Hafiz Saeed unmoved by talk of ban on JuD

Published January 25, 2015
Jamaatud Dawa Chief, Hafiz Mohammad Saeed addresses a rally against the printing of anti-Islam sketches by French magazine Charlie Hebdo, in Lahore on January 23, 2015.— AP
Jamaatud Dawa Chief, Hafiz Mohammad Saeed addresses a rally against the printing of anti-Islam sketches by French magazine Charlie Hebdo, in Lahore on January 23, 2015.— AP
Jamaatud Dawa Chief, Hafiz Mohammad Saeed addresses 
mediapersons during press conference in Karachi on Saturday, 
January 24, 2015.— Online
Jamaatud Dawa Chief, Hafiz Mohammad Saeed addresses mediapersons during press conference in Karachi on Saturday, January 24, 2015.— Online
Jamaatud Dawa Chief, Hafiz Mohammad Saeed addresses a rally against the printing of anti-Islam sketches by French magazine Charlie Hebdo, in Lahore on January 23, 2015.— AFP
Jamaatud Dawa Chief, Hafiz Mohammad Saeed addresses a rally against the printing of anti-Islam sketches by French magazine Charlie Hebdo, in Lahore on January 23, 2015.— AFP
Jamaatud Dawa Chief, Hafiz Mohammad Saeed addresses 
mediapersons during press conference in Karachi on Saturday, 
January 24, 2015.— PPI
Jamaatud Dawa Chief, Hafiz Mohammad Saeed addresses mediapersons during press conference in Karachi on Saturday, January 24, 2015.— PPI

KARACHI: Amid confusion over whether the government had banned the Jamaatud Dawa, its chief Hafiz Mohammad Saeed said on Saturday that restrictions were “nothing new” to the group and that JuD would continue with its public welfare and education projects.

“It has been going on over the past six years,” he said while answering a question at a press conference with Mufti Mohammad Naeem at Jamia Binnoria Al Alamia in the Site area.

Read: Haqqani network and JuD banned

“The courts have given us a clean chit and declared us as innocent and respected citizens of the country. But the media is exaggerating the six-year-old curbs imposed on JuD by the United Nations after the recent Foreign Office (FO) briefing.”

Earlier this week, the FO avoided confirming that JuD and the Haqqani network had been banned. Foreign Office spokesperson Tasnim Aslam said at a media briefing that JuD and some other organisations had been included in the sanctions list of the UN and Pakistan, being a member of the world body, was obliged to act against such outfits.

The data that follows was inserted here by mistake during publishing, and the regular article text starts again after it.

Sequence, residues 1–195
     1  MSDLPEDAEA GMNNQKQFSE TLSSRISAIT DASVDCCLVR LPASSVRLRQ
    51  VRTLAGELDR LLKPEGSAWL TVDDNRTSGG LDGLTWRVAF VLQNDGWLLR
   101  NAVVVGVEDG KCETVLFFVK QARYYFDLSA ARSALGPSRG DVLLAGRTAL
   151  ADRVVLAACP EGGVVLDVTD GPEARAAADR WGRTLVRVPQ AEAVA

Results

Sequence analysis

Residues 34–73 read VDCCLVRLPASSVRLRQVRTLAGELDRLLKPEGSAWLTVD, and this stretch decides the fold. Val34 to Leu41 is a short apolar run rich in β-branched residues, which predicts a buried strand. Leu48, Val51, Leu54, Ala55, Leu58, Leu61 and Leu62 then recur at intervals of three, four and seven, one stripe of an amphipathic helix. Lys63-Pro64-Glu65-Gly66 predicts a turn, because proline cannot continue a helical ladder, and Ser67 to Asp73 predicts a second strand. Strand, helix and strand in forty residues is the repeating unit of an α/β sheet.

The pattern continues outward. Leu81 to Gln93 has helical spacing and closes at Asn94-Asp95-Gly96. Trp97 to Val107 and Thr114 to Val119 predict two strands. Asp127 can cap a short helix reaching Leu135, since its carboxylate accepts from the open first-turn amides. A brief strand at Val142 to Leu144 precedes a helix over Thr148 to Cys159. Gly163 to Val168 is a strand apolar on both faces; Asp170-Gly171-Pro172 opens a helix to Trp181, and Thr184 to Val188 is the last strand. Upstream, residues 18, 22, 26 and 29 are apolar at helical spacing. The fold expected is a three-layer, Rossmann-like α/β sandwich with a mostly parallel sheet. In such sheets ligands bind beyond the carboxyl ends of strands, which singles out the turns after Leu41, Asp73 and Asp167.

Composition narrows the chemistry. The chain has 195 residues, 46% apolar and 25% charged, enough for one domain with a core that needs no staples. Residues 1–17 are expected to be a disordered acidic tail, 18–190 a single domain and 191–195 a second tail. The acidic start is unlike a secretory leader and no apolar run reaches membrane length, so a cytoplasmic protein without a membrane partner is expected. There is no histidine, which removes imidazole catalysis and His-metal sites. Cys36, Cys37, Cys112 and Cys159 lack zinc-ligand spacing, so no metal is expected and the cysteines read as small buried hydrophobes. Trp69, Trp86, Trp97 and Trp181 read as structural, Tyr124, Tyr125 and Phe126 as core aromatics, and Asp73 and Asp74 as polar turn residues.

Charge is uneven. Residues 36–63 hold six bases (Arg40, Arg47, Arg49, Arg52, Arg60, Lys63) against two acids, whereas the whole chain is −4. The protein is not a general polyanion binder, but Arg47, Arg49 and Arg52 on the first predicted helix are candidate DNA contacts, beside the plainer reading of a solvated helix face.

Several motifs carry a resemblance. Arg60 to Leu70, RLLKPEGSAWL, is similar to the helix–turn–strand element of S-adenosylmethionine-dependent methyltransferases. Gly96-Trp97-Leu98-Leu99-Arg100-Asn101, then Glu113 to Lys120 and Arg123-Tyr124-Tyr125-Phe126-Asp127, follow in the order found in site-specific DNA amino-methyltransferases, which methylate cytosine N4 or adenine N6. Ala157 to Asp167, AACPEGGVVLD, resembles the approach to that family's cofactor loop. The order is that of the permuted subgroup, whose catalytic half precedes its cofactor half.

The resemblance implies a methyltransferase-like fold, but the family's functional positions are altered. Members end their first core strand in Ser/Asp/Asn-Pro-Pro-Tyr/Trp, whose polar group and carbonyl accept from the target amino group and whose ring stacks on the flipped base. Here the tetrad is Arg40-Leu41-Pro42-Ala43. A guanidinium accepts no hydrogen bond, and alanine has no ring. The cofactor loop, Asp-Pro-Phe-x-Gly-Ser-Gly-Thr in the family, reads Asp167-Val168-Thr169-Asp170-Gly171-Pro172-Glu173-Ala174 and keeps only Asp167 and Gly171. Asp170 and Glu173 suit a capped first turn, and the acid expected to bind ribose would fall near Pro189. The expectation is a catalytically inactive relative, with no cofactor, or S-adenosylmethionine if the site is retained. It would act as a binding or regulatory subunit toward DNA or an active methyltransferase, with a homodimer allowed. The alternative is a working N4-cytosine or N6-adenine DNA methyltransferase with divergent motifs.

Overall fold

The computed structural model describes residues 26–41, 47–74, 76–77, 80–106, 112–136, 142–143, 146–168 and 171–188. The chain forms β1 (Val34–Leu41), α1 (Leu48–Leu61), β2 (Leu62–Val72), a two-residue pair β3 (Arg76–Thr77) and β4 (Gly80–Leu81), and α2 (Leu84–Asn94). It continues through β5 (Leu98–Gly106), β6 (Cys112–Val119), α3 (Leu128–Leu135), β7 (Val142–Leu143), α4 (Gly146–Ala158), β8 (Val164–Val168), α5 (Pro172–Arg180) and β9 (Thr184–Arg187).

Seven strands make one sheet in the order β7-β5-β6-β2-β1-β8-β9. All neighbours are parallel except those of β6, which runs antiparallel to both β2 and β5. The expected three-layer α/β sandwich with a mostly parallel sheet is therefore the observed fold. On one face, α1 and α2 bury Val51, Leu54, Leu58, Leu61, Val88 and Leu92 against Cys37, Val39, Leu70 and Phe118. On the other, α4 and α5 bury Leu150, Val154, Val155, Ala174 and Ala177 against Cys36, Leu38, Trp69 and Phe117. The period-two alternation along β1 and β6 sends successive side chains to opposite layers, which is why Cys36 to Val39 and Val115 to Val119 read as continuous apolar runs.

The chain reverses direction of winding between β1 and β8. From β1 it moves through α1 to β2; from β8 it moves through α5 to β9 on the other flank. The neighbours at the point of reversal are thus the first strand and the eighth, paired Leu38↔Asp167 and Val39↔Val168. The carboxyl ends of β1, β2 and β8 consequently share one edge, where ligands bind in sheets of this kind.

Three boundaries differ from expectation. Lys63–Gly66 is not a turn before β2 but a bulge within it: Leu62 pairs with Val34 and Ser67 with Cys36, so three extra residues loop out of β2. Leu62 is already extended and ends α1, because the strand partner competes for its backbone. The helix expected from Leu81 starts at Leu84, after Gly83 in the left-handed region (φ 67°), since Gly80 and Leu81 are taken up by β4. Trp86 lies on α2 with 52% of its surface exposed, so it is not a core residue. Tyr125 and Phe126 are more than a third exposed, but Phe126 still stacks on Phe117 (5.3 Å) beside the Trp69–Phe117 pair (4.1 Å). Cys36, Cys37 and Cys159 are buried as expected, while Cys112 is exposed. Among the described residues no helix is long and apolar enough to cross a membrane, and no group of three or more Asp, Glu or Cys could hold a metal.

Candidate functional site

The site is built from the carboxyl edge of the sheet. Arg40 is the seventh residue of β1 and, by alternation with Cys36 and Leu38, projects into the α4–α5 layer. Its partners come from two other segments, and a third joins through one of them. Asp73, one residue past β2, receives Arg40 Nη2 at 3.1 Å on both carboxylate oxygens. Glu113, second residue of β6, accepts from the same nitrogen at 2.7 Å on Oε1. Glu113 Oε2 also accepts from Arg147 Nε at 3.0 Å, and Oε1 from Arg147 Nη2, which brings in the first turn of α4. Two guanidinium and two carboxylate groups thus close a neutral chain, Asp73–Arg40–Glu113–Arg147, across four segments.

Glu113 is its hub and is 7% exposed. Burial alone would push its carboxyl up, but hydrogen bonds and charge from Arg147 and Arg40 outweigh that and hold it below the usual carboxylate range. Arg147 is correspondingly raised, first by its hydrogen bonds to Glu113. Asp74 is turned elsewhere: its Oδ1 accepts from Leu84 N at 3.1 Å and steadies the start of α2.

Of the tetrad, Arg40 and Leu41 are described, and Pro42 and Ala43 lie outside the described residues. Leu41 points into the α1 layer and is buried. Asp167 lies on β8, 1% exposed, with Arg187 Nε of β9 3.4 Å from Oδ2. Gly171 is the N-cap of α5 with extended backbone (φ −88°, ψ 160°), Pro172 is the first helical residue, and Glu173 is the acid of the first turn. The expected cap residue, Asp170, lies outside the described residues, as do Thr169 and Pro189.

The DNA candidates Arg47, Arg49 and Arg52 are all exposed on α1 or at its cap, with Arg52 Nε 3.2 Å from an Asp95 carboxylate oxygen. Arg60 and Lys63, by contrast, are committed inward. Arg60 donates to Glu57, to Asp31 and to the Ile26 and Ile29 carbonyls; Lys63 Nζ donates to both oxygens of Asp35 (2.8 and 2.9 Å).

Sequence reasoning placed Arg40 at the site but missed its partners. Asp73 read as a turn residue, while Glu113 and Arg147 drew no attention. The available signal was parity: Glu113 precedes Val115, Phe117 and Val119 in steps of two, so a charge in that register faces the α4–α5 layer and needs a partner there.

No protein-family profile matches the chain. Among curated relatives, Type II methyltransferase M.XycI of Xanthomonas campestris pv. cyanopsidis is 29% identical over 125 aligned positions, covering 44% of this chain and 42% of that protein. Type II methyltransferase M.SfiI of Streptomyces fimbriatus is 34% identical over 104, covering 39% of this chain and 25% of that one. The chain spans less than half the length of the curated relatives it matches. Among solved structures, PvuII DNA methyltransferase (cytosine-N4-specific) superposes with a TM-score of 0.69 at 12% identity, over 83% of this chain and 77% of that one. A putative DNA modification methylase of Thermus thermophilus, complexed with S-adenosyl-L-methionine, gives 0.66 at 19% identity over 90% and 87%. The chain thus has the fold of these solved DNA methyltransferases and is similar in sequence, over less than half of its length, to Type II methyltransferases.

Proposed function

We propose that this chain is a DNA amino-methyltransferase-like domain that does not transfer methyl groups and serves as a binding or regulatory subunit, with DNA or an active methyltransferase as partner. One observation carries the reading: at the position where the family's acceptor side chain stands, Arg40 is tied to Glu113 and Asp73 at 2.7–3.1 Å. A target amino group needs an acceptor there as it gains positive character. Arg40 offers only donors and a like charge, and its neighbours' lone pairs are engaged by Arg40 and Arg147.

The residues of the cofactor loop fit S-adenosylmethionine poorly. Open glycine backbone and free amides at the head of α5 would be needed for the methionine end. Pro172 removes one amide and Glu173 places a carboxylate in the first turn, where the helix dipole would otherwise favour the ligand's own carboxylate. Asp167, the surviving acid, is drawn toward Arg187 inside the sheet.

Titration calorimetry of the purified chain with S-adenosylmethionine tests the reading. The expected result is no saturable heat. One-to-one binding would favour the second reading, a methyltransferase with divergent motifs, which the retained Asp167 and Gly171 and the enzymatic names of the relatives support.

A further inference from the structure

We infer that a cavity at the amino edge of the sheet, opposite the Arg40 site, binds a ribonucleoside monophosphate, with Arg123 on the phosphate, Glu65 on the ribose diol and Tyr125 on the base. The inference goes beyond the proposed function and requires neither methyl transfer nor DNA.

Also read: Hafiz Saeed challenges India to prove he is a terrorist

Hafiz Saeed said his organisation was actively involved in dozens of welfare projects benefiting poor people. “We are not going to abandon these projects.”

He said a certain class and group were targeting JuD to promote a certain agenda “but let me tell you that we are true Pakistanis and will defend the land and its ideology.”

Also read| Footprints: JuD's show of strength

Earlier, the JuD chief met Mufti Naeem to invite him to participate in his organisation’s “Hurmat-i-Rasool (PBUH) march” to be held on Sunday in protest against the publication of controversial caricatures in a French magazine.

Mufti Naeem expressed concern over the government’s National Action Plan for countering terrorism and said every Pakistani wanted an end to terrorism and supported sensible steps of the government. “But one cannot allow a one-sided action against madressahs.

Also read| JuD will continue to operate in Pakistan: Spokesperson

“We will appreciate the government if it targets terrorists and their handlers but treating all the seminaries in the same way is unjustified,” he said.

Published in Dawn, January 25th, 2015

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